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Report to Congress on Shift in International Security Environment

The following is the Oct. 26, 2017 Congressional Research Service report, A Shift in the International Security Environment: Potential Implications for Defense.

From the report

World events in recent years have led observers, starting in late 2013, to conclude that the international security environment has undergone a shift from the familiar post-Cold War era of the past 20 to 25 years, also sometimes known as the unipolar moment (with the United States as the unipolar power), to a new and different situation that features, among other things, renewed great power competition with China and Russia and challenges by these two countries and others to elements of the U.S.-led international order that has operated since World War II.

A previous change in the international security environment—the shift in the late 1980s and early 1990s from the Cold War to the post-Cold War era—prompted a broad reassessment by the Department of Defense (DOD) and Congress of defense funding levels, strategy, and missions that led to numerous changes in DOD plans and programs. Many of these changes were articulated in the 1993 Bottom-Up Review (BUR), a reassessment of U.S. defense plans and programs whose very name conveyed the fundamental nature of the reexamination that had occurred.

The recent shift in the international security environment that observers have identified—from the post-Cold War era to a new situation—has become a factor in the debate over the size of the U.S. defense budget in coming years, and over whether the Budget Control Act (BCA) of 2011 (S. 365/P.L. 112-25 of August 2, 2011) as amended should be further amended or repealed. Additional emerging implications of the shift include a new or renewed emphasis on the following in discussions of U.S. defense strategy, plans, and programs:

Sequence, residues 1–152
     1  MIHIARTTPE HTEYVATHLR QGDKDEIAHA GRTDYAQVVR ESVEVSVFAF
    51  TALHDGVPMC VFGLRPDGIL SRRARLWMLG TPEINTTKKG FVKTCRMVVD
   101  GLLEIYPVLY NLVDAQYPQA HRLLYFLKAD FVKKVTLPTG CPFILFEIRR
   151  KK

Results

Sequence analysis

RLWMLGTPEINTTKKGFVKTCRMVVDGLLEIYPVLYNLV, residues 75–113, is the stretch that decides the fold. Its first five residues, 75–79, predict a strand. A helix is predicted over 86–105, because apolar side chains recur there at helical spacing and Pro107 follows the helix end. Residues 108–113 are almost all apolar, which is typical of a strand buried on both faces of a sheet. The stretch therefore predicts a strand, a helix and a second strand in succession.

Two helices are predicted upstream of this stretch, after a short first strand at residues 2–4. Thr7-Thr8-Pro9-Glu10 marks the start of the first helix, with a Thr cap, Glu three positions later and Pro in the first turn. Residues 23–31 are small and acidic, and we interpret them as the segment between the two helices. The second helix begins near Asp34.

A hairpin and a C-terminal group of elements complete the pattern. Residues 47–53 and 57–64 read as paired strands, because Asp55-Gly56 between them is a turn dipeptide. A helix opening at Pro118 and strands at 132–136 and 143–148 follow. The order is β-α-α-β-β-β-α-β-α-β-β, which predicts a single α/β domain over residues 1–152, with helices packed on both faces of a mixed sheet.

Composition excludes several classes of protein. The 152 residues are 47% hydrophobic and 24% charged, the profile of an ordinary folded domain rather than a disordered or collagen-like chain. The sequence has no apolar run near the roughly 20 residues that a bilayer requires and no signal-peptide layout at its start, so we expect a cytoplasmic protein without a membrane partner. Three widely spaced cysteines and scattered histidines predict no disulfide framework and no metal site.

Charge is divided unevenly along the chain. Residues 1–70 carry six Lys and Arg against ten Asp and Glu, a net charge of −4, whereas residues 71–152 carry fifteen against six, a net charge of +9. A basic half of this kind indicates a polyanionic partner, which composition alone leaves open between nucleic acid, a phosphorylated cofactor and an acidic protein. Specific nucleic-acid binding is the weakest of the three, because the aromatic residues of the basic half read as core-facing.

•  grand strategy and geopolitics as part of the context for discussing U.S. defense budgets, plans, and programs;
  •  U.S. and NATO military capabilities in Europe;
  •  capabilities for countering so-called hybrid warfare and gray-zone tacticsemployed by countries such as Russia and China;
  •  capabilities for conducting so-called high-end warfare (i.e., large-scale, high- intensity, technologically sophisticated warfare) against countries such as China and Russia;
  •  maintaining U.S. technological superiority in conventional weapons;
  •  nuclear weapons and nuclear deterrence;
  •  speed of weapon system development and deployment as a measure of merit in defense acquisition policy; and
  •  minimizing reliance in U.S. military systems on components and materials from Russia and China.

The issue for Congress is whether to conduct a broad reassessment of U.S. defense analogous to the 1993 BUR, and more generally, how U.S. defense funding levels, strategy, plans, and programs should respond to changes in the international security environment. Congress’s decisions on these issues could have significant implications for U.S. defense capabilities and funding requirements.